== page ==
Table 1 presents a summary of the dLOF Defect Condition and how its State affects an OTN STE’s operation when handling an OTUk signal over a Single Lane (e.g., the OTSi/OTUk_A_Sk function).

Table 1, Summary of the dLOF Defect Condition and How its State affects an OTN STE’s Operation when handling an OTUk signal over a Single Lane (e.g., the OTSi/OTUk_A_Sk function).

ItemDescription
Meaning of dLOFThe Sink STE (or OTSi/OTUk_A_Sk function) will declare the dLOF defect if it is not able to reliably locate the FAS field (and in-turn, the boundaries) of the incoming OTUk frames within the incoming data-stream.

In short, if the Sink STE (OTSi/OTUk_A_Sk function) is declaring the dLOF defect condition, then it is NOT able to make any sense of the data within its OTUk data-stream. The Sink STE (and downstream circuitry) cannot perform any useful functions on this data-stream until it clears this defect.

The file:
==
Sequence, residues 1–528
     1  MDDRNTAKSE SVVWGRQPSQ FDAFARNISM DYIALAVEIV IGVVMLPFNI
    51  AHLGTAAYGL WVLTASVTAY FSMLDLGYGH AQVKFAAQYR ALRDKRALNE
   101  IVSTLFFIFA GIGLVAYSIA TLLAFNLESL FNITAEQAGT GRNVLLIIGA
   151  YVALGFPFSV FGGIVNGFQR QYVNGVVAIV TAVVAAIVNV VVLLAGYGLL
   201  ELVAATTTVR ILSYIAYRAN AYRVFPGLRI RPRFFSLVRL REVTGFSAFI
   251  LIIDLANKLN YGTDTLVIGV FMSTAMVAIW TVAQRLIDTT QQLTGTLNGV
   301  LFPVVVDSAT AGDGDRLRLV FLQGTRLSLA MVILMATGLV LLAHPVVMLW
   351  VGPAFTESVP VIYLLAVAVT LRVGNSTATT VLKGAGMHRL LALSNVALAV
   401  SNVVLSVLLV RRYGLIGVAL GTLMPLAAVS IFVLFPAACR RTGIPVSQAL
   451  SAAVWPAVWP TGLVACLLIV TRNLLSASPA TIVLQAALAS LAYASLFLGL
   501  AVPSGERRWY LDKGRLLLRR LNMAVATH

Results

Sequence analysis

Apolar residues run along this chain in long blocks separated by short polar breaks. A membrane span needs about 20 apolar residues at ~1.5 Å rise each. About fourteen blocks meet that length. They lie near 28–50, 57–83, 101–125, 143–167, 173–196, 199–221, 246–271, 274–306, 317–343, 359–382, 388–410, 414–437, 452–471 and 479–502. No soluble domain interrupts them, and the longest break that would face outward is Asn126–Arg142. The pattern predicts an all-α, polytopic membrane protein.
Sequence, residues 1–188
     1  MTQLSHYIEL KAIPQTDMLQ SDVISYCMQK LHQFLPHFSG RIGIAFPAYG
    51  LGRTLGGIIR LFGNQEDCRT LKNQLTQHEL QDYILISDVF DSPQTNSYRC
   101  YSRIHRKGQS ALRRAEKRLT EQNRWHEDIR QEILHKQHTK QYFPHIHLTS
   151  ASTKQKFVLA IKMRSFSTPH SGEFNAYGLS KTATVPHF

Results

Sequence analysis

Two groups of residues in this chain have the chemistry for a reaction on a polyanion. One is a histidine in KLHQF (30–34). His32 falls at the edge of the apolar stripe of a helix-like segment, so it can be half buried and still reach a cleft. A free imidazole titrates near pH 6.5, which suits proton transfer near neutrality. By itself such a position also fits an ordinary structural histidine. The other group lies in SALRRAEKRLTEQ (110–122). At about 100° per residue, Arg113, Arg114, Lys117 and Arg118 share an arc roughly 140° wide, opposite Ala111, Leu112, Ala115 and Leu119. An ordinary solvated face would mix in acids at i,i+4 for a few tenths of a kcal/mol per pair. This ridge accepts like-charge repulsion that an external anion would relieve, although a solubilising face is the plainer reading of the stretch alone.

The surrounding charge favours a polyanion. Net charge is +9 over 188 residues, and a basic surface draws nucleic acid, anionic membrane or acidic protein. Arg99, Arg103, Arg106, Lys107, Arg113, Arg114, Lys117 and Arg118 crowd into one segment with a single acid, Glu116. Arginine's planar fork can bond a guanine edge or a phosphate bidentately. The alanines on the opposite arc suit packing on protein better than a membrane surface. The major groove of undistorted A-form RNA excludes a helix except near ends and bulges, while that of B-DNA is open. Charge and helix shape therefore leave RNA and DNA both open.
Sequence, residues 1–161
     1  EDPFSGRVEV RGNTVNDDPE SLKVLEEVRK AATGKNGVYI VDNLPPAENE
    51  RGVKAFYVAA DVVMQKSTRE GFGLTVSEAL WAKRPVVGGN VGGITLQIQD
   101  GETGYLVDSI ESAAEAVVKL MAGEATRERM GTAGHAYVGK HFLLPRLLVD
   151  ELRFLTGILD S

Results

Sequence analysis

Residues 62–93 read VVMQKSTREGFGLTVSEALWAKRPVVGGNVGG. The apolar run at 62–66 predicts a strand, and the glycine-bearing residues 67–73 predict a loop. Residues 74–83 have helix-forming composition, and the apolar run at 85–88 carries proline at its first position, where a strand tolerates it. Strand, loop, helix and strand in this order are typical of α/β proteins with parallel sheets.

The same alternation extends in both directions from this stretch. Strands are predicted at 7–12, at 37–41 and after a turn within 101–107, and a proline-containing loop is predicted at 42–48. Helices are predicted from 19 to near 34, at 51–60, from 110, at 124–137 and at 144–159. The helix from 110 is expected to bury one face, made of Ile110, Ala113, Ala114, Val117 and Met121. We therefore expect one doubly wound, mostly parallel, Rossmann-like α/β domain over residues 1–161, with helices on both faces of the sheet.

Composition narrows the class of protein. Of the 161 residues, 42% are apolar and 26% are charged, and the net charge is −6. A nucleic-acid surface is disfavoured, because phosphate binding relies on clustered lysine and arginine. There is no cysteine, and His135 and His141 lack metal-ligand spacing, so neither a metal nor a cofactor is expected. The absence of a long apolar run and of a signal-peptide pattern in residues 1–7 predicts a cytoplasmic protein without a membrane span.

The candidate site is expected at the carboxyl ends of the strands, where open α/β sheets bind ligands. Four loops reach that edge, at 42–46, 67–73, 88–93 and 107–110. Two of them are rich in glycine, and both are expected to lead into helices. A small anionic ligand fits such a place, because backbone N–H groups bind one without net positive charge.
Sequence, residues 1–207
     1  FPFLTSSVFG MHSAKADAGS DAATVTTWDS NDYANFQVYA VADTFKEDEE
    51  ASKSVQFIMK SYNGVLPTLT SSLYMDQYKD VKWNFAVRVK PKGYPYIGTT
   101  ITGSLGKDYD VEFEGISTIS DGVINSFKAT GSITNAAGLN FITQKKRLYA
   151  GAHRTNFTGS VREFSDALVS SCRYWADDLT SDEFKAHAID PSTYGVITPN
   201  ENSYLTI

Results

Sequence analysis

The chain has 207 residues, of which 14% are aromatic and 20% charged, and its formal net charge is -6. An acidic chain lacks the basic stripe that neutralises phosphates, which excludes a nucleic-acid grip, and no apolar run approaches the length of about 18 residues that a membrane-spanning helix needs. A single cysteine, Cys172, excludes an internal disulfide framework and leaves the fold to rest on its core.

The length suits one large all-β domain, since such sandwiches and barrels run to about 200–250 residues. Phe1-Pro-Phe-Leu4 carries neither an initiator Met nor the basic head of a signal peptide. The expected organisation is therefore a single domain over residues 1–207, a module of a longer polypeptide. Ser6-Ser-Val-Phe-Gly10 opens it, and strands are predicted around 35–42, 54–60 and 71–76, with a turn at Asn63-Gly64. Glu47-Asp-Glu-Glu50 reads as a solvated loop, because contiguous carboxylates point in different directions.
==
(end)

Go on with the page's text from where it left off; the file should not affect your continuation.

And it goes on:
Requirements to declare dLOFThe Sink STE (or OTSi/OTUk_A_Sk function) will declare the dLOF defect if it loses synchronization with the incoming FAS fields (within the incoming OTUk datastream) for at least 3ms.

Additionally, the Sink STE (or OTSi/OTUk_A_Sk function) must not be declaring the dAIS (OTUk-AIS) defect condition.
Requirements to clear dLOFThe Sink STE (or OTSi/OTUk_A_Sk function) will clear the dLOF defect if it is able to maintain synchronization with the incoming FAS fields (within the incoming OTUk data-stream) for at least 3ms.
Any defects that can suppress the dLOF defect? Yes, the Sink STE (or OTSi/OTUk_A_Sk function) cannot declare the dLOF defect, if it is currently declaring either of the following defect.